Time to Legalize Rental Properties

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Late last year, the town of Todos Santos, located in the municipality of La Paz, was put on notice: get your rental properties in order or else. The state government was determined to put an end to the houses, hotels and B & Bs that were operating illegally in the area.  Authorities were even prepared to go door to door to find out what businesses were legit and what businesses weren’t.  And if you weren’t, the consequences could be staggering.

The newly formed Todos Santos and Pescadero Hotel Association stepped in; worried about the negative impact such a bold move would have on the tourism industry in such a small town.  All call was made to all houses and B & Bs that were renting out rooms or casitas to either legalize their businesses or to put an end to the illegal practice of charging rent without paying any form of taxes on their rental income.

One local B & B owner had this to say about the situation in Todos Santos.  “It is just not fair.  I pay my taxes, social security for my employees and business rates for all my utilities because that is how you run a business here in Mexico. It very difficult for me to compete with people who rent out their casita or apartment without paying taxes on it. I have to charge more to get the same return on my investment, so my prices have to be higher.”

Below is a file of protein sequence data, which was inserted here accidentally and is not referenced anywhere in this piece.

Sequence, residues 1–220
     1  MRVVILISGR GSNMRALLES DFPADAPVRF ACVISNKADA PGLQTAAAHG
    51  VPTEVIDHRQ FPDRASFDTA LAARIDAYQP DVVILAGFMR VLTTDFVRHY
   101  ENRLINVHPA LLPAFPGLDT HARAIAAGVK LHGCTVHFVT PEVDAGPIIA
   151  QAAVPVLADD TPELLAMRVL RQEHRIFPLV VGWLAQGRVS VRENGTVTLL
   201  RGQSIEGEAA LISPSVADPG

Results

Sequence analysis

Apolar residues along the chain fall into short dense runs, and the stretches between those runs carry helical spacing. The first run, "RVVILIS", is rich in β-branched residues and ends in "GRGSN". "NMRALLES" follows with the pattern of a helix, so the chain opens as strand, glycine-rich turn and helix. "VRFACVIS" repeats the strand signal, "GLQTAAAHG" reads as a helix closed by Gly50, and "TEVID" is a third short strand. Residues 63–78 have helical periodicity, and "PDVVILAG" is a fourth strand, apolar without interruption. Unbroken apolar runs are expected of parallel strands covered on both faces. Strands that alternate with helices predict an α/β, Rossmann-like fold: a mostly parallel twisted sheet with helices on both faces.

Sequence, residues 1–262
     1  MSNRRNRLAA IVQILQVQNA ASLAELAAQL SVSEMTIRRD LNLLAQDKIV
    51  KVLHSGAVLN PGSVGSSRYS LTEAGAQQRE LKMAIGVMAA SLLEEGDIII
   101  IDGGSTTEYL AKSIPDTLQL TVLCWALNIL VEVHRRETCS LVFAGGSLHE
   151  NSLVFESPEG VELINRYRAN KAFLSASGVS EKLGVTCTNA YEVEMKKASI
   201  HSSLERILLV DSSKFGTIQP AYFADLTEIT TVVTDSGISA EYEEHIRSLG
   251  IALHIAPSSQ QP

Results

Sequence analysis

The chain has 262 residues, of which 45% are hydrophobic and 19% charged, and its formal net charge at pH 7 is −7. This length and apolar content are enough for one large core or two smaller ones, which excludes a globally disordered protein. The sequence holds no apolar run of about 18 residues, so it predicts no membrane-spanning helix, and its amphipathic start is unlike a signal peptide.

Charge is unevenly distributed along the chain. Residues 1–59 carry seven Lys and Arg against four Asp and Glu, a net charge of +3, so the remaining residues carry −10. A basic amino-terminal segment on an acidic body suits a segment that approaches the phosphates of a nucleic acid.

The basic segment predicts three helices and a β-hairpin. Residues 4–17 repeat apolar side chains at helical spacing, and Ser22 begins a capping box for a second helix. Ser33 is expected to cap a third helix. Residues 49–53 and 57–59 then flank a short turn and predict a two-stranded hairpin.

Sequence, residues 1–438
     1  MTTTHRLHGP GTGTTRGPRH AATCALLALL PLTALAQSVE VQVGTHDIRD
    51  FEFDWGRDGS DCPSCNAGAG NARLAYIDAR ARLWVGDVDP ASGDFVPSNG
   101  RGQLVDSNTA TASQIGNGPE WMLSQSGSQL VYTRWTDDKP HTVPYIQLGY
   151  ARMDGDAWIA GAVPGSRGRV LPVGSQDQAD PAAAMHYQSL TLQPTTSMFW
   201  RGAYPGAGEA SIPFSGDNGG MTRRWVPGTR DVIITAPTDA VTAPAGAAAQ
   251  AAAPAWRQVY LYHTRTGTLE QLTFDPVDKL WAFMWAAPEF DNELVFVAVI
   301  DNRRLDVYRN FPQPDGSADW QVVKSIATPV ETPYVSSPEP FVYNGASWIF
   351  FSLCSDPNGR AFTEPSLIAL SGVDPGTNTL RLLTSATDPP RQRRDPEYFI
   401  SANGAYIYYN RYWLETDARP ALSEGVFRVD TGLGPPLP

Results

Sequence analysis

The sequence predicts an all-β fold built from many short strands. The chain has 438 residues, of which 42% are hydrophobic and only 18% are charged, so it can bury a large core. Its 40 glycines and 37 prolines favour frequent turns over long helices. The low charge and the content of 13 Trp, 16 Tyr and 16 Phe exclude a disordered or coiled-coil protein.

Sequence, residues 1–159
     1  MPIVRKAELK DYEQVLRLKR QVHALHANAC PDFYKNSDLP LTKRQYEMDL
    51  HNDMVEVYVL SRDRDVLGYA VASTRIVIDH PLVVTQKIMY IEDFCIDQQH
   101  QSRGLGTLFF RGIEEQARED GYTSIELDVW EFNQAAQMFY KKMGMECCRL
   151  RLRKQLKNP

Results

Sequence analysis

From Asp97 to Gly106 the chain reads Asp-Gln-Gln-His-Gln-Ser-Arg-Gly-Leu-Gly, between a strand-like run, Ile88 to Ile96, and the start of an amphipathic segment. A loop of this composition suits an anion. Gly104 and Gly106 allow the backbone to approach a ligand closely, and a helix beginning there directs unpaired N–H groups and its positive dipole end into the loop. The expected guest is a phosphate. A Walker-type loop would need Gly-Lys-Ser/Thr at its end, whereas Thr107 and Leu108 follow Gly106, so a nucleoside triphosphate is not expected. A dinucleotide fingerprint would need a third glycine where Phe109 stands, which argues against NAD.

Agustin Olachea, President of the La Paz Hotel Association (EMPRHOTUR) said this is an ongoing problem in La Paz that everyone is aware of. “Yes this is a problem here in La Paz.  But let me just say it is not just happening here.  It is a national problem. Authorizes cracked down on the problem in Los Cabos a few years back and continually monitor there. Now authorities are getting tough in Todos Santos. We know it is happening here in La Paz too and it is up to the authorities to crack down on these illegal businesses who are not paying their fair share of taxes.”

Olachea goes on to say that there are many rentals in the city that are not registered with Hacienda and he too agrees that it makes for an unfair playing field for businesses who are paying taxes on their rental income. Also, he said, many visitors renting houses or apartments pay for the rental on-line and the money doesn’t even enter Mexico, which does nothing to help the local economy.

Authorities are keen on putting an end to illegal businesses and have said they will take immediately action on those that are not legal enterprises. The Hotel Association in Todos Santos is encouraging all legal entities to have the following documents ready to produce if authorities show up and ask for paperwork.

Register with the tax bureau (Hacienda)

  • Obtain a corporate tax identification number (RFC)
  • Obtain a state permit to function as a commercial entity
  • Pay 3% hotel tax (a state tax)
  • Pay IVA of 16%
  • Pay ISR taxes of up to 35%
  • Register with the water and electricity companies as a corporate entity
  • Comply with civil protection laws (safety codes)

If you are renting out a property in the area and have questions that need to be answered, please contact your accountant or lawyer to get the best advice possible on your situation.

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